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|Molar mass||584.66 g mol−1|
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|Spectral data||UV, IR, NMR, MS|
|Except where noted otherwise, data are given for materials in their standard state (at 25 °C (77 °F), 100 kPa)|
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Bilirubin (formerly referred to as haematoidin) is the yellow breakdown product of normal heme catabolism. Heme is found in hemoglobin, a principal component of red blood cells. Bilirubin is excreted in bile and urine, and elevated levels may indicate certain diseases. It is responsible for the yellow color of bruises, the background straw-yellow color of urine (via its reduced breakdown product, urobilin – the more obvious but variable bright yellow color of urine is due to thiochrome, a breakdown product of thiamine), the brown color of feces (via its conversion to stercobilin), and the yellow discoloration in jaundice.
It has also been found in plants.
Bilirubin is very similar to the pigment phycobilin used by certain algae to capture light energy, and to the pigment phytochrome used by plants to sense light. All of these contain an open chain of four pyrrolic rings.
Like these other pigments, some of the double-bonds in bilirubin isomerize when exposed to light. This is used in the phototherapy of jaundiced newborns: the E,Z-isomers of bilirubin formed upon light exposure are more soluble than the unilluminated Z,Z-isomer, as the possibility of intramolecular hydrogen bonding is removed. This allows the excretion of unconjugated bilirubin in bile.
Some textbooks and research articles show the incorrect geometric isomer of bilirubin. The naturally occurring isomer is the Z,Z-isomer.
Bilirubin is created by the activity of biliverdin reductase on biliverdin, a green tetrapyrrolic bile pigment that is also a product of heme catabolism. Bilirubin, when oxidized, reverts to become biliverdin once again. This cycle, in addition to the demonstration of the potent antioxidant activity of bilirubin, has led to the hypothesis that bilirubin's main physiologic role is as a cellular antioxidant.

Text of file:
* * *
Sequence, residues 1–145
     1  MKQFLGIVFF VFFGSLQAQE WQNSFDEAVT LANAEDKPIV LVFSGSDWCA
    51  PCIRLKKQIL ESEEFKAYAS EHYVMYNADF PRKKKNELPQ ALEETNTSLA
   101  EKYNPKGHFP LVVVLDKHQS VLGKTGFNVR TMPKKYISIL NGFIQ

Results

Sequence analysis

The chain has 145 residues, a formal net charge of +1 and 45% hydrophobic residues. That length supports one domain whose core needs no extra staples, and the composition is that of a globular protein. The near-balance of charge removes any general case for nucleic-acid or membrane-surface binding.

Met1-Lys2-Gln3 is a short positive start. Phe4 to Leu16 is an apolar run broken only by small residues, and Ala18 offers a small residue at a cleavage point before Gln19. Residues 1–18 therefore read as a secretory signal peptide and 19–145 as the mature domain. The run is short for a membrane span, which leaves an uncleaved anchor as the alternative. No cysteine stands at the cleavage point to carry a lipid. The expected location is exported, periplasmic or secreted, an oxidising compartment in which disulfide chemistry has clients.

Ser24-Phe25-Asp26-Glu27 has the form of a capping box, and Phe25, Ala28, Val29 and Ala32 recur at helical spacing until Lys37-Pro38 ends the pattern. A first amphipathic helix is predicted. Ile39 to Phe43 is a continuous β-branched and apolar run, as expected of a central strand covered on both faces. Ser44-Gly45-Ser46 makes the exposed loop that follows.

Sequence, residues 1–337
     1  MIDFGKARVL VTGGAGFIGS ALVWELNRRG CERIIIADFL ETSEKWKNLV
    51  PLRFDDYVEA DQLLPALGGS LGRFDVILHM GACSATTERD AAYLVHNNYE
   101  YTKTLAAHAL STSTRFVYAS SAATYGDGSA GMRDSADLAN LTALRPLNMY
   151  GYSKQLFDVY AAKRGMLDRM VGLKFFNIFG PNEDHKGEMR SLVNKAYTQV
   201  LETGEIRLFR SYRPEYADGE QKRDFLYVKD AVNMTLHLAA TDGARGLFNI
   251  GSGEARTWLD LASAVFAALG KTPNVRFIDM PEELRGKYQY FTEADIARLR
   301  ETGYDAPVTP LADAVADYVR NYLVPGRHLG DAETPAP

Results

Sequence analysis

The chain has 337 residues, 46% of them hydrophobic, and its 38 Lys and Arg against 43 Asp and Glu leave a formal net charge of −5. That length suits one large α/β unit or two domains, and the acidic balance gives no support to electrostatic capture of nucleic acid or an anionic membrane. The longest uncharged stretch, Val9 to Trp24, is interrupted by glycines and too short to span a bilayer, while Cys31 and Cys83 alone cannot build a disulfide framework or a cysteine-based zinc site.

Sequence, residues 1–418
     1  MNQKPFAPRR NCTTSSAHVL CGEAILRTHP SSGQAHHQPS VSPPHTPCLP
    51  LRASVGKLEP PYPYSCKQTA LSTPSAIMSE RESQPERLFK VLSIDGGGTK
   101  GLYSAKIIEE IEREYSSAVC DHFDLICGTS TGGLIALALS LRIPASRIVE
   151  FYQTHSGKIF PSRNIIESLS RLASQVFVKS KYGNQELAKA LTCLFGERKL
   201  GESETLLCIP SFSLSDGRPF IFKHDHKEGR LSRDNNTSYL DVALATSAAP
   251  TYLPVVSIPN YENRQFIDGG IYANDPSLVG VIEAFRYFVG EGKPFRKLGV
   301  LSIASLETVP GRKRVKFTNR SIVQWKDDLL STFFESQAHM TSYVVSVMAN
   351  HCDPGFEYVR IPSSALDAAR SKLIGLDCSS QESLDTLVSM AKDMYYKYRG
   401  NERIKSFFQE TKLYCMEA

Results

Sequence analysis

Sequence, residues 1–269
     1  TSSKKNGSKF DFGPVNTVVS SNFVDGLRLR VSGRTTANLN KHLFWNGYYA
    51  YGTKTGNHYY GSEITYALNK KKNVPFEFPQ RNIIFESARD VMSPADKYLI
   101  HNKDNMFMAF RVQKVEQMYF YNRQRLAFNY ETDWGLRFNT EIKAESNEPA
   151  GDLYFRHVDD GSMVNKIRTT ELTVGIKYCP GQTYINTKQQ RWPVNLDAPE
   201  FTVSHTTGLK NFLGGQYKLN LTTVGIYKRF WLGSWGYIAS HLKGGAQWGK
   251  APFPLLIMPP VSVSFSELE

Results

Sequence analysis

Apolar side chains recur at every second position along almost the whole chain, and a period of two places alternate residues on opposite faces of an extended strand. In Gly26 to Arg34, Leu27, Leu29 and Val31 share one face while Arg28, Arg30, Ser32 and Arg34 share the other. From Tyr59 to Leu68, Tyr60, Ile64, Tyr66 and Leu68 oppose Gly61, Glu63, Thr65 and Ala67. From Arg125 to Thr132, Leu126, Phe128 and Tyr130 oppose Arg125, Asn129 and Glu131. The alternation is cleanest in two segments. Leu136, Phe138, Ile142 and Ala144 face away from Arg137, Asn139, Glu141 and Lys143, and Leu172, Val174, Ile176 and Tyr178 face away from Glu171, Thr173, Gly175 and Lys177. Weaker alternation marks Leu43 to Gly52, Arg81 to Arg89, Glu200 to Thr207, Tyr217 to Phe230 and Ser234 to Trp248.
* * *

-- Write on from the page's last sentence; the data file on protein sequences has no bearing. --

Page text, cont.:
Erythrocytes (red blood cells) generated in the bone marrow are disposed of in the spleen when they get old or damaged. This releases hemoglobin, which is broken down to heme as the globin parts are turned into amino acids. The heme is then turned into unconjugated bilirubin in the reticuloendothelial cells of the spleen. This unconjugated bilirubin is not soluble in water, due to intramolecular hydrogen bonding. It is then bound to albumin and sent to the liver.
The measurement of direct bilirubin depends on its reaction with diazosulfanilic acid to create azobilirubin. However, unconjugated bilirubin also reacts slowly with diazosulfanilic acid, so that the measured indirect bilirubin is an underestimate of the true unconjugated concentration.
In the liver, bilirubin is conjugated with glucuronic acid by the enzyme glucuronyltransferase, making it soluble in water: the conjugated version is also often called "direct" bilirubin. Much of it goes into the bile and thus out into the small intestine. Though most bile acid is resorbed in the terminal ileum to participate in enterohepatic circulation, conjugated bilirubin is not absorbed and instead passes into the colon.
There, colonic bacteria deconjugate and metabolize the bilirubin into colorless urobilinogen, which can be oxidized to form urobilin and stercobilin: these give stool its characteristic brown color. A trace (~1%) of the urobilinogen is resorbed into the enterohepatic circulation to be re-excreted in the bile: some of this is instead processed by the kidneys, coloring the urine yellow.